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The UN poverty report: a scathing attack on relentless austerity

Rising homelessness is one of the most visible signs of Britain's every-expanding poverty problem. Source: Garry Knight (via Flickr)

By Alys Hewitt

In a week where headlines were awash with the chaos of Brexit, November 16th saw the release of a scathing report by the UN revealing the harsh realities of acute poverty in Britain, which condemns the ‘punitive, mean-spirited, and often callous’ policies of successive governments that have allowed it to happen. Inflammatory language this may be, but the report exposes the blatant absence of compassion in our politics, painting a bleak portrait of a Britain ravaged by austerity, where homelessness and reliance on food banks is soaring. It highlights a social problem of vast proportions, which our government has consistently ignored in favour of their own interests.

In the report Phillip Alston, the UN rapporteur on extreme poverty and human rights, uses his experiences of travelling around Britain to draw attention to the ‘great misery’ experienced by ordinary people under a decade of austerity. He cites the fact that 14 million people (around a fifth of the population) are living in poverty, with 1.5 million of those being in a position where they are unable to afford basic essentials such as food, clothing, housing or heating. This poverty disproportionately falls upon women, children, disabled people and ethnic minorities.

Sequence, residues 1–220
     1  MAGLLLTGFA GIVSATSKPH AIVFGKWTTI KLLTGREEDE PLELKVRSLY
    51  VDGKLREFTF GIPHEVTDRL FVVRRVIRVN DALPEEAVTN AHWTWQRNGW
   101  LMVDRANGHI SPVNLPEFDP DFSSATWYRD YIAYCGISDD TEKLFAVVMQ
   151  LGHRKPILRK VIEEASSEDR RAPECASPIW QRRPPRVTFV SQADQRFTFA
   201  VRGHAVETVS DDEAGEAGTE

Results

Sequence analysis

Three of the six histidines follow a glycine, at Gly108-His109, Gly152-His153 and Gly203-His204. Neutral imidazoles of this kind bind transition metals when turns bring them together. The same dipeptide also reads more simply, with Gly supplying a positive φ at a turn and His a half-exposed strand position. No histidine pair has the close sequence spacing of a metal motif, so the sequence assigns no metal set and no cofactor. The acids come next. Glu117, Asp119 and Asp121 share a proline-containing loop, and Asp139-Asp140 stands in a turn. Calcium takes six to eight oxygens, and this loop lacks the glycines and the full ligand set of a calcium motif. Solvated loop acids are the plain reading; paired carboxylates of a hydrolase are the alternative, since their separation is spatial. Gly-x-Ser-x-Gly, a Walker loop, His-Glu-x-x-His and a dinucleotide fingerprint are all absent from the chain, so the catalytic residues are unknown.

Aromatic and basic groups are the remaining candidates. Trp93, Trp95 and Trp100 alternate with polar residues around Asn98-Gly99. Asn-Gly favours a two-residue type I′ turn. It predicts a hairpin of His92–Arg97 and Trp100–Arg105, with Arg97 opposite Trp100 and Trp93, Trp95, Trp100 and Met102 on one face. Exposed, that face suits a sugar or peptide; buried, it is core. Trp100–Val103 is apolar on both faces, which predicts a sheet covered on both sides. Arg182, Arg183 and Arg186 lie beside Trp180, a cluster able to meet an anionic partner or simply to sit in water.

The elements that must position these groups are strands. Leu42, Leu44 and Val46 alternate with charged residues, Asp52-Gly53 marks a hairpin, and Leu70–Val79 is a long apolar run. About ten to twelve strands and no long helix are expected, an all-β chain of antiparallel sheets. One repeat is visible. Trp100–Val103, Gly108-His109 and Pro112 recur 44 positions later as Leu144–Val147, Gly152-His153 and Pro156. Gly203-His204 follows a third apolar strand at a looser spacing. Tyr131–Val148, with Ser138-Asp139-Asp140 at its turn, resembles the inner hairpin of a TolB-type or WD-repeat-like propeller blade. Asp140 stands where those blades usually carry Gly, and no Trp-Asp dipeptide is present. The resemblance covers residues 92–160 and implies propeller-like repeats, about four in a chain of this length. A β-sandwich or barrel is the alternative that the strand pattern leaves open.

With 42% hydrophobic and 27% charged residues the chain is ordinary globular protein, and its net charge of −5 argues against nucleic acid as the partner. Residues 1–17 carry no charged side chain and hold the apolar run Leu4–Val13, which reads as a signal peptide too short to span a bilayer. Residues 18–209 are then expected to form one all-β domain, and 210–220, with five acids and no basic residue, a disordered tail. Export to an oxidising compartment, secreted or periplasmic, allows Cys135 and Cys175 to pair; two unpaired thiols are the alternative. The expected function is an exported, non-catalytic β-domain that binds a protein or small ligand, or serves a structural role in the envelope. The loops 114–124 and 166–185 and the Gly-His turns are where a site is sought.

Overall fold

Predictably, its publication has been met with denial and defensiveness from those in government; on Monday, new Work and Pensions secretary Amber Rudd criticised the report on the basis of its ‘extraordinary political’ and ‘wholly inappropriate’ language. But poverty is political – especially when its proliferation is made possible with decisions made by those in power. There is little point to covering up these revelations with neutral and detached language, as this is something that profoundly affects the lives of ordinary people. Politicians are so far removed from the reality of what is happening across the UK, from the consequences of their calculated decisions – that sometimes emotive language is the only way to have an impact and generate real understanding and sympathy. In this case, it is almost impossible to separate emotion from the experiences of those who have suffered most at the hands of government cuts.

This preoccupation with the language of the report, rather than the actual questions it poses about the nature of austerity, speaks volumes, and highlights precisely why we need this type of investigation in the first place. Ministers should listen – both to the report and the people they govern. The fact that it took the UN to engage with and give a platform to those in poverty is symbolic of the continuous neglect and feeling that the government are letting down those who need state help the most.

The report may be for now buried under the avalanche of news surrounding Brexit, but it arguably could not have come at a more poignant time – with ministers fleeing the mess they have created and an increasingly divided, disordered Cabinet, it is clear that we are living in the age of self-interest. Brexit is, and has always been, more about individual egos than what’s actually best for the UK’s worse-off. There therefore needs to be sustained pressure on the government after we leave the EU to prioritise the welfare of its citizens; Alston points out that during this uncertain period it is Britain’s most vulnerable and disadvantaged that will ‘take the biggest hit’.

We can only hope that Alston’s words have set a warning and a precedent for change in British society. Now more than ever we need a more compassionate and considerate kind of politics, which acts on rather than ignores the plights of the country’s poorest. The current policy of austerity is failing, and it is shameful that we needed a UN envoy to spell this out.

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